The Guernsey Bicycle Group is encouraging those who can, to leave their cars at home and ride, or walk, to work if you are able to.
A spokesman for the group has said those who live in the area near La Vrangue could take advantage of the road currently being closed to motor vehicles, by cycling that way along a quieter road.
Posting on the Guernsey Bicycle Group's Facebook page Sam Field said he is "loving the roadworks on La Vrangue" adding that the area is currently "gloriously traffic free!" He also said he loves it when the roads are closed describing it as "cycling commuting bliss."
Posting in other Facebook forums, Mr Field has tried to gather interest from further afield, hoping to entice regular car drivers to embrace the idea of an alternative commute to work or other appointments.
Mr Field has tried this previously, most notably when the Vale Road closed in October 2017 for a few months. It eventually reopened earlier this month, having forced motorists to make diversions to avoid the roadworks throughout the winter months. However, cyclists had been allowed to ride through most of the road closure with the agreement they dismount at certain parts. It was hoped this would encourage more people to leave their cars at home and cycle between the north and south of the island if they often use the busy Half Way junction.
On that occasion, and again while he is trying to entice people to cycle to work using road closures as an incentive, Mr Field acknowledges that not everyone can benefit from this idea. The pushang enthusiast commented saying the "usual caveats applies: if you’re delivering sofas, or fish or something, or hauling tools, or mobility challenged or have a car full of kiddies, probably not for you." But he added: "If you’re one of the hundreds of people that drive a mile or two to work in your car and probably could ride (or walk), the road closure makes for a great little ride for you!"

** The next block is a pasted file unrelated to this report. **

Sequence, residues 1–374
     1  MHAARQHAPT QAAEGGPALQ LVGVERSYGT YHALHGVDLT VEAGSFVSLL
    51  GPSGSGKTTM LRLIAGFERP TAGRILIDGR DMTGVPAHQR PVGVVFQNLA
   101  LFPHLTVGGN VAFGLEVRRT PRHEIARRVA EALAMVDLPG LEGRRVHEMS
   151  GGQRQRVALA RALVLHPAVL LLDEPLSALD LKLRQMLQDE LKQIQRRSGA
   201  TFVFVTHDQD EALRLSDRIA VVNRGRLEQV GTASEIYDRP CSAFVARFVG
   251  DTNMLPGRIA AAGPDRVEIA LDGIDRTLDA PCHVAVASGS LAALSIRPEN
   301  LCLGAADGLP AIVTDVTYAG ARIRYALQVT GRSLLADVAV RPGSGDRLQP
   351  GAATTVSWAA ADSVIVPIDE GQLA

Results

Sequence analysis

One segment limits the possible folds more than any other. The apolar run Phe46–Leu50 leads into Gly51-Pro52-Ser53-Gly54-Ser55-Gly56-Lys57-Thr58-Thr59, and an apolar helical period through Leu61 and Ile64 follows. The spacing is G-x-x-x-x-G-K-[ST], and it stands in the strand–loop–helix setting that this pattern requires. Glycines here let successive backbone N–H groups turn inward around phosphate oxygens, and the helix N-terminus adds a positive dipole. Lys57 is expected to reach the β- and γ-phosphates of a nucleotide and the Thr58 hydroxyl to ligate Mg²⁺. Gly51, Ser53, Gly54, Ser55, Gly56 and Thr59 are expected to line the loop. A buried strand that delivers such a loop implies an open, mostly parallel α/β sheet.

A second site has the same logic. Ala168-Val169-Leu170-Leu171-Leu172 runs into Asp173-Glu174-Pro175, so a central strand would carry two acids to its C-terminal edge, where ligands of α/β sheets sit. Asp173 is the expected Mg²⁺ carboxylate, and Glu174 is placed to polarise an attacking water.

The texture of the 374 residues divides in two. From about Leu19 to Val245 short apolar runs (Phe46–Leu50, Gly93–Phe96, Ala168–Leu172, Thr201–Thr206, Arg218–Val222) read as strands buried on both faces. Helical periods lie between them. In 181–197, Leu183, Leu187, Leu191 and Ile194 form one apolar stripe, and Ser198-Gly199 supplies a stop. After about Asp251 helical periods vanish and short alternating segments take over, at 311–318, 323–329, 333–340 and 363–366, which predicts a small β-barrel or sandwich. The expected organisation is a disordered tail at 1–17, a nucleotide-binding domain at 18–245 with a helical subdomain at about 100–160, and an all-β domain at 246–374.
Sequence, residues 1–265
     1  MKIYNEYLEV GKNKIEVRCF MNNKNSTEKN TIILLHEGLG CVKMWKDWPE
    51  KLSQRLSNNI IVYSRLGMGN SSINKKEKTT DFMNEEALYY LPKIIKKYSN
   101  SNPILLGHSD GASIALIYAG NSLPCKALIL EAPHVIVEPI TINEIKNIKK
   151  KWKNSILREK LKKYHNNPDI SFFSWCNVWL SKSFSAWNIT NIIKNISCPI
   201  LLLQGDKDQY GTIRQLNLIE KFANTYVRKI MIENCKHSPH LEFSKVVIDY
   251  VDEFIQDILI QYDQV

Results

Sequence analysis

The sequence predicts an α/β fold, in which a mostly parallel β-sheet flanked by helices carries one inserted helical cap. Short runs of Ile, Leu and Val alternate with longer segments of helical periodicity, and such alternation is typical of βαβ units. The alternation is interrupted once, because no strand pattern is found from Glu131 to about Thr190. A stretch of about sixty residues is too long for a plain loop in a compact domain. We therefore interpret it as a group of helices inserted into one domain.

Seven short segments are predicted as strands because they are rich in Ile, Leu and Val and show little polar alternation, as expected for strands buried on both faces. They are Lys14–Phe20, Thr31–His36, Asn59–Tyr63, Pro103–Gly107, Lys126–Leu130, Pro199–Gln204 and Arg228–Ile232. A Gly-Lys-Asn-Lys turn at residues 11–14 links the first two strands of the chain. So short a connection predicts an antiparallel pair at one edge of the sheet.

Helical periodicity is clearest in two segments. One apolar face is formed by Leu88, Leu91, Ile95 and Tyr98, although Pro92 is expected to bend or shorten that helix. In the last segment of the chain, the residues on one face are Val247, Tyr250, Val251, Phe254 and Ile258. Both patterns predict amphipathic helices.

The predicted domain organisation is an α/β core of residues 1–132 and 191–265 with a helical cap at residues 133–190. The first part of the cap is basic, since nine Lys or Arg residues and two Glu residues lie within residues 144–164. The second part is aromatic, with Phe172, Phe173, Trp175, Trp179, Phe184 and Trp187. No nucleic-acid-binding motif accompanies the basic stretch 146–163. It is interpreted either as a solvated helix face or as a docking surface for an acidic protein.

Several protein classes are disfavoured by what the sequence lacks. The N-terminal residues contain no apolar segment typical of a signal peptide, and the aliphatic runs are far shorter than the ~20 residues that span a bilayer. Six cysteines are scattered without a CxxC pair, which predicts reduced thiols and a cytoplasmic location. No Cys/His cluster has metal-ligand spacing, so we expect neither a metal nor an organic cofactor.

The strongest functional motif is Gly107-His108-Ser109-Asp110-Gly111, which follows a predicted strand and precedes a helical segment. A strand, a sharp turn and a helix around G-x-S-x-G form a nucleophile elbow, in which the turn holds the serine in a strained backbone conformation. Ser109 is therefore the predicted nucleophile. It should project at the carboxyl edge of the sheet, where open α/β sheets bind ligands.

Traffic and Highway Services said it was happy to clarify the situation regarding cycling through road closures explaining that: "Where it can safely occur, Traffic and Highway Services is endeavouring to allow cyclists to continue to use closed roads and not have to use a diverted route. This follows a successful trial at Vale Road and is part of an initiative to promote cycling as a viable and easy alternative form of transport."
There are some guidelines to follow though: "If cyclists can pass the works safely appropriate signage is put in place which allows cyclists to enter the closed road. This is done by adding an additional plate to the road closed signs stating ‘except cycles’, which allows cyclists to legally pass the signs.
"If there is sufficient room to cycle past the work then no further signage is needed. However, in most cases, it is likely that there will be a pinch point past the works and/or contractors working with noisy/heavy equipment. Therefore, for the safety of everyone, cyclists may be asked to dismount for these stretches. At that point, signs are then in place stating cyclists must dismount and push their cycle through the section of road works, remounting when signs state it is then safe to do so."
Mr Field adds that in his opinion more people are starting to ride and he thinks little changes like allowing people to cycle through road works are helping:
"Where a major road is closed to cars it makes for a great cycle commute route, especially for those who would like to try , especially for those who would like to try riding to work but are a bit nervous about the traffic. The northern part of the island is perfect for cycle commuting as well because it is, by and large, flat."